In this edition of U-talk, Paul from Paris asks the following question: “Given the escalating violence in the Middle East, how do we protect cultural heritage from destruction and looting?”
Nada Al Hassan from the UNESCO World Heritage Centre responded.
“Prevention is part of our daily work. UNESCO has international conventions to protect heritage, such as the Hague Convention for the protection of cultural property in the event of armed conflict, the Convention against illicit trafficking of cultural artifacts and the World Heritage Convention.
We work closely with Interpol and the International Customs Organisation, and also with auction houses around the world. It is possible to work actively to prevent the illicit trafficking of cultural artifacts. It’s easy to act because trafficking happens at borders and on the international market. On the contrary, it’s very difficult to protect cultural property on the ground during conflict.This usually comes afterwards, during reconstruction.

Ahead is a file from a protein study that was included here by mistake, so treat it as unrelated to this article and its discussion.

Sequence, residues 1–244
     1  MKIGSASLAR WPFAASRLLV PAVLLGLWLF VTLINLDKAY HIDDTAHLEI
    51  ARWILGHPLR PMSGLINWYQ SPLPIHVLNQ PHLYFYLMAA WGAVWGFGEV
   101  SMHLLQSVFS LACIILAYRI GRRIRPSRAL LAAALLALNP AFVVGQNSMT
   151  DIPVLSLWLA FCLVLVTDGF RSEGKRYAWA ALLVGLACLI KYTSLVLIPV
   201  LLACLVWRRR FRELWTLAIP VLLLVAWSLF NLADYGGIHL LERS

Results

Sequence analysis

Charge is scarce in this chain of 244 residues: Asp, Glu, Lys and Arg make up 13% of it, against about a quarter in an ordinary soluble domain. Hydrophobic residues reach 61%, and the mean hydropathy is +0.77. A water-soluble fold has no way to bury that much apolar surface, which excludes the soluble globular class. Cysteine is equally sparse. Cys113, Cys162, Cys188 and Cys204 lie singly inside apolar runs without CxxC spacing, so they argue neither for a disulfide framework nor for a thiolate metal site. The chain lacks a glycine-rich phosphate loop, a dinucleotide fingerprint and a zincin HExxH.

“In Mali, we are already rebuilding mosques in Timbuktu. Since the destruction of the Buddhas of Bamiyan in Afghanistan, we’ve been working on the consolidation of the niches, which house them. And we’ve been renovating all the painted caves and the archaeological site of Bamiyan.
“Of course human life, the status of refugees, violence and the search for peace come first in the regions of armed conflict.
“We do believe that not only do we have to transfer our heritage to future generations, but we also have to preserve it as a guarantee of social cohesion and as a founding element of the rebuilding of countries after war.”
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